Editor’s note: OK, folks, this is week 2 of the Sun’s latest new feature for members (there’s more to come, and soon too!), On Beacon Hill. We hope the name gives it away, but just in case: This will be a multimedia digest of Worcester- and Central Mass.-related government and political news from Boston and beyond.
From State House News Service
St. Vincent doctor punished by state board for pot violations
From a May 20 release to SHNS by the Massachusetts Board of Registration in Medicine (BORIM):
At its meeting May 19, the Massachusetts Board of Registration in Medicine took disciplinary action against the medical license of William Ortiz, M.D.
The Board reprimanded Dr. Ortiz, a nocturnist at St. Vincent Hospital in Worcester, after he agreed in a Consent Order that he had been disciplined by the State of Maine Board of Licensure in Medicine for having engaged in unprofessional conduct; specifically, issuing medical marijuana certificates to 59 patients over the course of two days and keeping incomplete records for those patients.
A fine of $2,500 was also imposed. Dr. Ortiz, who graduated from New York Medical College in 1996, has been licensed in Massachusetts since 1999. He is also licensed to practice medicine in Florida and Maine.
Sen. Chandler backs push to increase dental care, access
It can take patients in need of oral care weeks or months to make it into Lisa Emily Simon’s dental chair, a time period when they are often saving up money and determining when they can miss school or work to make their appointment.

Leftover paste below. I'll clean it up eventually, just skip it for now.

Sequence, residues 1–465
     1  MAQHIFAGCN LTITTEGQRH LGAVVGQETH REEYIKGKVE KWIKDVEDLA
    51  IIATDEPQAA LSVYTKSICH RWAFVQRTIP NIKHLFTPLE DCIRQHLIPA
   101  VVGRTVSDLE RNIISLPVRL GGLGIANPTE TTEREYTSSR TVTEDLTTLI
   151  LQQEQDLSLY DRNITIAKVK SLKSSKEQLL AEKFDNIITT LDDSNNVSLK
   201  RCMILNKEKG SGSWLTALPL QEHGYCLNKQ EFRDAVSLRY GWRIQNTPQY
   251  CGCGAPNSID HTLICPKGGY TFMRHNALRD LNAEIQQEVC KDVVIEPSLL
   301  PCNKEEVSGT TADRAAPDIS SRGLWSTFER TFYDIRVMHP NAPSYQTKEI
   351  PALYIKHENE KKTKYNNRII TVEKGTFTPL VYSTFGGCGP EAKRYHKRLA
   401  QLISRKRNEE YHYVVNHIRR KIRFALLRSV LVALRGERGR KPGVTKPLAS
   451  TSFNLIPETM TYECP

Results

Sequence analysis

“And through it all, they are in pain,” said Simon, who practices dentistry in safety-net clinics and teaches oral health policy and epidemiology at the Harvard School of Dental Medicine. “Preventable, ceaseless pain.”
Simon spoke to lawmakers, staff and advocates Tuesday at the launch of a new effort to integrate oral health with medical care in Massachusetts.
An initiative of Health Care For All’s Oral Health Advocacy Task Force, the project is based around the idea that incorporating oral health in accountable care organizations and more closely aligning medical and dental care can both save money and improve a patient’s overall well-being.
The initiative comes about a month after the release of a Health Policy Commission report that found access to oral health care varies widely in Massachusetts and examined the rates at which patients visit emergency rooms for preventable oral health conditions.
The report said one-tenth of the state’s population lives in areas federally designated as having shortages of dental providers and that MassHealth, which covers approximately a quarter of the population, paid for almost half of all visits to emergency rooms for preventable oral health conditions.
Sen. Harriette L. Chandler, D-Worcester, the Senate chair of the Legislature’s Oral Health Caucus, touted a bill she sponsored as a means of increasing access to dental care for people who currently lack it.
A Public Health Committee redraft (S. 2076) of bills filed by Chandler and Rep. William “Smitty” Pignatelli, which was referred to the Health Care Financing Committee in December, would establish a mid-level dental practitioner post in Massachusetts.
After receiving the necessary education and certification, an “advanced dental hygiene practitioner” would be able to see patients in an office setting or in facilities like schools and nursing homes, Chandler said.
“Stay tuned, because we’re hopeful that we’re going to see some action on this before this term is over,” Chandler said.
The Oral Health Integration Project’s ultimate goal is to see oral health and dental services included as a requirement in new state standards for Medicaid and commercial accountable care organizations.
A payment restructuring effort is underway at MassHealth that would move the state Medicaid program toward an accountable care organization model instead of its current fee-for-service method. Accountable care organizations, or ACOs, feature networks of doctors working collaboratively to manage a patient’s care, including acute care, behavioral health, and other needs.